Then numbers being called again; counting up now. The sonar readouts on the medic’s boat slowly winding up from “ten metres”, a hush falling over the watchers. For now those numbers are all that connect us to the diver besides the line they are clipped to disappearing into the depths.

The sonar depth calls accelerate until….“at the plate” a second or two then “turn made” and the diver ascends.

Safety divers descend stacking themselves ten or 15 meters apart signalling the divers return and following them up through the danger zone near the surface where the lungs expand back to normal size and the blood oxygen is lowest.

The divers surface and suck in breaths, hanging from the dive line. They then quickly complete the surface protocol, mask off, thumb and forefinger signal to the judge and then a clear but maybe shaky “I am OK”.

 We sit and watch the dives drinking fluids and trying to relax, occasionally slipping over the bow to deal with the consequences of drinking too many fluids.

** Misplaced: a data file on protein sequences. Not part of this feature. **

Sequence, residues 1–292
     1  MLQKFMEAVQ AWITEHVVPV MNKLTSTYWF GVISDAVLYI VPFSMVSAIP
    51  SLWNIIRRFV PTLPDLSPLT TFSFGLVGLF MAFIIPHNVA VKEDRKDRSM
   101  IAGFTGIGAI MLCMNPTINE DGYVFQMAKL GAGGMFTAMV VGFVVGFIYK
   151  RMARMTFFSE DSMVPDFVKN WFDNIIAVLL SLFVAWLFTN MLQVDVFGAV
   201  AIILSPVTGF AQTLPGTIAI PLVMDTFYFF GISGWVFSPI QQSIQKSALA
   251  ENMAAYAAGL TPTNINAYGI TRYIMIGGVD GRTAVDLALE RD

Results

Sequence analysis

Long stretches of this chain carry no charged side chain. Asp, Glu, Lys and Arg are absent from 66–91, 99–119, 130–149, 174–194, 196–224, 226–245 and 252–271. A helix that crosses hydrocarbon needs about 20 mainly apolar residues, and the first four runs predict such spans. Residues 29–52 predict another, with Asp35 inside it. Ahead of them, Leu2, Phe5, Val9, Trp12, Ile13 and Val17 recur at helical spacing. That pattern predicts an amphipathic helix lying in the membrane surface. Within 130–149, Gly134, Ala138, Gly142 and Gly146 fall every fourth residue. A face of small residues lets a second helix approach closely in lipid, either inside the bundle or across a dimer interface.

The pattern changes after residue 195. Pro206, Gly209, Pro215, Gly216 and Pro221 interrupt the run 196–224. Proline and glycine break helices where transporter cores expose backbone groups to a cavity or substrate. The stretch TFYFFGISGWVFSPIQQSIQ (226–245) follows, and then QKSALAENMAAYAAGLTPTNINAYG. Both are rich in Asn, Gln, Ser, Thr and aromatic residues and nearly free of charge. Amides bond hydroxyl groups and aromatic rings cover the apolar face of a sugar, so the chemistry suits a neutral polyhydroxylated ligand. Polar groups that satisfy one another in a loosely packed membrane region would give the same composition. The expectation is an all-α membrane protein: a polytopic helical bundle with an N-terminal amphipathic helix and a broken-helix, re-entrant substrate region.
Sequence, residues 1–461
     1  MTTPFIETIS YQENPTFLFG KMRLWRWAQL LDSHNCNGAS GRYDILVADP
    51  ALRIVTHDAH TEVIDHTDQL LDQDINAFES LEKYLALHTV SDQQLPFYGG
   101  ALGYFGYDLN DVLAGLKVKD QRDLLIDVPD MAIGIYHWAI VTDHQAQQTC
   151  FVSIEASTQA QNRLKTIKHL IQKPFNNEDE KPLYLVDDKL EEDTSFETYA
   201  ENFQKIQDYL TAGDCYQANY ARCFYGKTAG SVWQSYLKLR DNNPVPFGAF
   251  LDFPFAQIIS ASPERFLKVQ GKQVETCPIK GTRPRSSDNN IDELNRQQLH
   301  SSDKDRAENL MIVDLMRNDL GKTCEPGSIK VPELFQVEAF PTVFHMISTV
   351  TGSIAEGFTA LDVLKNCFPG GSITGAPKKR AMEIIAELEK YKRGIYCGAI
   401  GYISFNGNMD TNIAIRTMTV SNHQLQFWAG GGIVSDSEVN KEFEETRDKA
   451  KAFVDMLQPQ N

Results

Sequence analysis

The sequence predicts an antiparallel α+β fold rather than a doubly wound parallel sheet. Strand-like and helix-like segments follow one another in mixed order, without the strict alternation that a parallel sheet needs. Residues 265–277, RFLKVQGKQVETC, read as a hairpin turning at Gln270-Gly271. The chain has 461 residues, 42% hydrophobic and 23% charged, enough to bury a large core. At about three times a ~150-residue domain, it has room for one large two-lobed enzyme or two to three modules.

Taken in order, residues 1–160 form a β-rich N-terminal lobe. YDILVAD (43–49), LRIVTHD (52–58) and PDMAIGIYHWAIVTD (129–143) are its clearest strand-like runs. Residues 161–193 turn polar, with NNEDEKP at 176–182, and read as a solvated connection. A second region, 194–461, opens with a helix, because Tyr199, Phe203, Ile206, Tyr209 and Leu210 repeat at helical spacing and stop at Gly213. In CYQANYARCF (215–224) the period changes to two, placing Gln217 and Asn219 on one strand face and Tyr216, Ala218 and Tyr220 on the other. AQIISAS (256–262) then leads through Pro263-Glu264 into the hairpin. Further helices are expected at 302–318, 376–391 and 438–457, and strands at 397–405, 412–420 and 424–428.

The Dive 

I check my gear one last time. Long black fins, no stress marking on the blades just a few scratches. Lanyard, Mask, snorkel. Neck-weight, just 2kg to help counteract the buoyancy of the suit. I swim across to the warmup line and complete two shallow dives under the watchful eye of another safety diver. I can equalise my ears fine, not like yesterday, fluids have paid off. When the safety signals me I head around the boats to the main dive line. After a day that has crawled by things are suddenly too bright, too fast and vivid, but my breathing knows the drill, deep and slow.

I reach to connect my safety lanyard to the line but the safety has done it already. Another Is attaching a depth gauge watch to my wrist, and think ‘Hmmm one day I have to get one of those”’. I pull my thoughts back to my prep. Two minutes is called and I pull my snorkel from my mouth and pull myself vertical on the line. My breathing, now with my face out of the water, is strictly regulated. Four seconds in and then slowly letting my breath out for a long count of ten. I pinch my nose and my tongue presses back on the air in my mouth, a Frenzel equalisation making my ears pop, a last test.  

 "Official top".